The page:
Mother, niece cling to life after Nevada crash kills five | TahoeDailyTribune.com
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Mother, niece cling to life after Nevada crash kills five

Sandra Chereb, The Associated Press

RENO — A Utah family’s trip home from a wedding anniversary celebration turned tragic when a suspected drunken driver heading the wrong way on Interstate 80 slammed into their minivan, killing five family members, including four children.

Two other family members, a woman and a 2-year-old girl, were clinging to life Tuesday at Washoe Medical Center in Reno, authorities said.

The Meza-Arriaga family, from West Jordan, Utah, was eastbound when their 2001 Chevrolet Venture was struck head-on Monday night by a 1989 Ford Mustang driven by Stephen Scharosch, 51, of Grass Valley, Calif., according to Nevada Highway Patrol Trooper Patrick McGill.

Scharosch, a retired firefighter, was charged Tuesday with five counts of felony driving under the influence causing death and two counts of felony driving under the influence causing substantial bodily harm.

He was jailed on $140,000 bail and scheduled for an initial appearance today in Reno Justice Court, authorities said.

“You have pretty much an entire family that has been wiped out by a (suspected) drunken driver,” McGill said.

“This is the worst crash I’ve seen in 21 years.”

The driver of the van, Fernando Meza-Arriaga, 31, sustained minor injuries. His daughter, Alejandra, 7, and two sons, Tito, 3, and Marco, 9 months, died at the scene. His wife, Maria Avelar-Mojarro, 29, remained hospitalized in critical condition.

Gloria Meza-Arriaga, 38, the driver’s sister, also died at the scene. Her 4-year-old daughter, Gloria Destiny Vasquez, died a few hours after the crash at the Reno hospital. Another daughter, 2-year-old Liliana Vasquez, suffered a severe head injury and was clinging to life, McGill said.

Patti Kelley, an emergency room nurse from Florida who was one of the first motorists on the scene Monday night, described the horror.

“The debris from the cars was just spread all over, then they started finding bodies that were just scattered,” Kelley told KTVN-TV in Reno.

She described how the father, Meza-Arriaga, worked to try to save his wife’s life.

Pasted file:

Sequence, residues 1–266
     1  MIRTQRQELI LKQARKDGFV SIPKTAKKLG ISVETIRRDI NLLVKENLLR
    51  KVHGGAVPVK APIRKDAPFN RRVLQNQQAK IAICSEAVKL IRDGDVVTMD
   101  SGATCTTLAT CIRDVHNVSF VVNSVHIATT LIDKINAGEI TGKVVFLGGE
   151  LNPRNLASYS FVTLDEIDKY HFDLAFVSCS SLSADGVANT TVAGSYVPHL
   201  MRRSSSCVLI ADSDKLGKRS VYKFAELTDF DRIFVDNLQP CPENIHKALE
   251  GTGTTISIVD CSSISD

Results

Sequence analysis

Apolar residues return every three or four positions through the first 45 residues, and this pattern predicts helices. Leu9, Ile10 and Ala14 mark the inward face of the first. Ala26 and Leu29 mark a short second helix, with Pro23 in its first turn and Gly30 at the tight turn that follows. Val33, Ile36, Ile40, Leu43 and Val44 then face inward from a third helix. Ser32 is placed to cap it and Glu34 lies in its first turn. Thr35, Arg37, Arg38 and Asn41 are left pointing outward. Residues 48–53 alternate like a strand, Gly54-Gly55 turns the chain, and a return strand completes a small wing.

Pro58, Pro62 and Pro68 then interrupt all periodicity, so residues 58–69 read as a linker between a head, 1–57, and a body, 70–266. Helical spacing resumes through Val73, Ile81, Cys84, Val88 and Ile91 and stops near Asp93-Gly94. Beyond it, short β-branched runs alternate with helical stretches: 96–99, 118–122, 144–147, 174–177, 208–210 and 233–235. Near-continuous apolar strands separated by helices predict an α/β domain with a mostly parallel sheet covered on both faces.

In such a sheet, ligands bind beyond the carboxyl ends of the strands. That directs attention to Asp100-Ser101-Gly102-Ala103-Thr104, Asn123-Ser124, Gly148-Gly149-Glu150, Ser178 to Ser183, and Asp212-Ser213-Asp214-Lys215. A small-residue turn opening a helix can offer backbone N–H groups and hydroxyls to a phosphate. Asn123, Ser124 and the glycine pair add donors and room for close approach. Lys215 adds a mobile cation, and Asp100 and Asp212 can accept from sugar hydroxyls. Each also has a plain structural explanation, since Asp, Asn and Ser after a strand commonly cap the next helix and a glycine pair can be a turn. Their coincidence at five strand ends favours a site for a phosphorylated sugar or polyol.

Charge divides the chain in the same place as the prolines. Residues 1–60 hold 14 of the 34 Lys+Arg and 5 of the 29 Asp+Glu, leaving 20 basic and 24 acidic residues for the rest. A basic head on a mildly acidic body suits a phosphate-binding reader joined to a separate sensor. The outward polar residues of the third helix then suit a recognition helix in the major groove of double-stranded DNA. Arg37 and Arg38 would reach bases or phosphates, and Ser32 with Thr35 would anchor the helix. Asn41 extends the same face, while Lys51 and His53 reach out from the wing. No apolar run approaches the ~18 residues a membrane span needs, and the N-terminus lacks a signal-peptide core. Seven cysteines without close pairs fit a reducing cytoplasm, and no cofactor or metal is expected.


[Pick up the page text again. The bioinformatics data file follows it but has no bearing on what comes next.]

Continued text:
“He helped her out of the car and laid her on the blanket. She was obviously in a lot of pain. He would bring the (dead) children to her and put them on the blanket,” she said.

None of the eight family members was wearing safety belts when the crash occurred near the Wadsworth exit, 20 miles east of Reno, McGill said.

“There was a child restraint seat in the van. But if it was used it was probably used improperly because the child was ejected,” the trooper said.

McGill said it’s hard to say whether the victims would have survived otherwise had they been using safety belts.

“They would have had a shot, anyway,” he said.

Scharosch’s Mustang was severed in two. He received minor injuries and was arrested after being treated at Washoe Medical Center, McGill said.

Authorities at first said Gloria Meza-Arriaga and her children lived in San Jose, Calif. But McGill said investigators later learned they all were from Utah and were returning home after attending a 50th wedding anniversary celebration in San Jose.

Another van carrying a Fallon family was struck by the wreckage.

Robert S. Collins Jr., 28, his wife, Jamie, 27, and their three children ages 8, 3 and 2 months, were treated and released, the patrol said.

McGill said Scharosch identified himself at the scene as a firefighter, and his car had a firefighter’s license plate. His booking sheet listed him as retired.

The wreck closed part of the freeway for nearly 10 hours.


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